THERE is no disputing anymore that the West Philippine Sea (WPS) has been turned into a militarized zone by China. Much has been written about it and photos will prove the extent of the military build-up in the area.
But I just want to give my two cents on a recent news report where US Ambassador to the Philippines Sung Kim was quoted, when interviewed on ANC, saying, “I’m not sure if it’s really fair to point a finger at the United States because we’re not doing anything. It’s China that’s taking aggressive unilateral actions in the disputed area.”
This has reference, of course, to a remark made by President Rodrigo Duterte sometime this year that it is the US who should be blamed for the reclamation activities done by Beijing in the WPS.
What Duterte simply meant is that had the US, as the acknowledged leader of the free world, intervened early on by calling upon China to respect and adhere to the rulings of the United Nations Convention on the Law of the Sea (Unclos), aggression and expansionism by China, using its historic claims of “Nine-Dash Line” could not have happened in the SCS and in the WPS, for that matter.
Note that Unclos defines the rights and responsibilities of nations in their use of the world’s oceans; it establishes guidelines for businesses, the environment, and the management of marine natural resources.
Because of Unclos, the Philippines made a unilateral move to sue China before the UN Permanent Court of Arbitration in 2013 due to China’s aggression and incursions in the WPS, which is within the Philippines’ 200 nautical mile-exclusive economic zone (EEZ).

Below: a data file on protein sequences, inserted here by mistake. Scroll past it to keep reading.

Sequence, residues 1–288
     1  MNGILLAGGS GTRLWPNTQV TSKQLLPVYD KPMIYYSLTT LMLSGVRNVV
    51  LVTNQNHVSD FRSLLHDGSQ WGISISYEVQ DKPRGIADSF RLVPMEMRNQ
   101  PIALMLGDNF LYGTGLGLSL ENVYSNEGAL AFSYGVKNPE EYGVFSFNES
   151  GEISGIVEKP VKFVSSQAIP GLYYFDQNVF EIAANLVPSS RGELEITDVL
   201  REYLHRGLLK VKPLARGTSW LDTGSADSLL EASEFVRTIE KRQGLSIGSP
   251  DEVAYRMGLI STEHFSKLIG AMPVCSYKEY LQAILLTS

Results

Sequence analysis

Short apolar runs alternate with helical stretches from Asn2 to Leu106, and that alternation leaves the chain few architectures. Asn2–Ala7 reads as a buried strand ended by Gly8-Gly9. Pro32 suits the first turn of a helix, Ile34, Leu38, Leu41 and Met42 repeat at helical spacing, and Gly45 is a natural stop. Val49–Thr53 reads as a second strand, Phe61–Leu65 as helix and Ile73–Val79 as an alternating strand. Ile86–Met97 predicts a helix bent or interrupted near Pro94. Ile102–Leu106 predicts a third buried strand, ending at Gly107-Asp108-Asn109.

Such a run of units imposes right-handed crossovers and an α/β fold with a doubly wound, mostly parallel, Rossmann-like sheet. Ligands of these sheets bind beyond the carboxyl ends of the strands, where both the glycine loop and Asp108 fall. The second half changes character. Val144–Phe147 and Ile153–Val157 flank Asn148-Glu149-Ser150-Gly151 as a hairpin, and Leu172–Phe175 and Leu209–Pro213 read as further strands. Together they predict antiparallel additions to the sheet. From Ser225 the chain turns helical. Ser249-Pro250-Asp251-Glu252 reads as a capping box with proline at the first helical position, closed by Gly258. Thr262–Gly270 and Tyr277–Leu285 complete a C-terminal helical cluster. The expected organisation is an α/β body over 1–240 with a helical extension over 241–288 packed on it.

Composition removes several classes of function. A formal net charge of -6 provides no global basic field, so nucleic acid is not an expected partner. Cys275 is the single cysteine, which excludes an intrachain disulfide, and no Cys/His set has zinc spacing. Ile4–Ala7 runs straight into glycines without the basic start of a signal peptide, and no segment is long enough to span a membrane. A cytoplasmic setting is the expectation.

We all know by now that the Philippines won the case against China in July 2016 when the UN court junked China’s nine-dash line claim on the entire South China Sea.
Duterte, therefore, was right in putting the onus on the US, which, unfortunately, Kim willfully ignored and refrained from disproving it.
The truth of the matter is that while the US participated in the negotiations of modifications to the treaty in the early 1990s, before it came into force in 1994, and continues to recognize the significance of Unclos, it has, however, failed to ratify it to this day, thus, compromising its ability to peacefully resolve SCS disputes by its non-party status to Unclos.
It is in this context that China took advantage of the seeming absence of the US in strongly promoting rules-based approach to governance in SCS and in the WPS, for that matter.
The seeming US nonchalance also failed to stop China’s impunity to increase its control and extend its authority in the region at the expense of its neighbors in Southeast Asia. - JESUS SIEVERT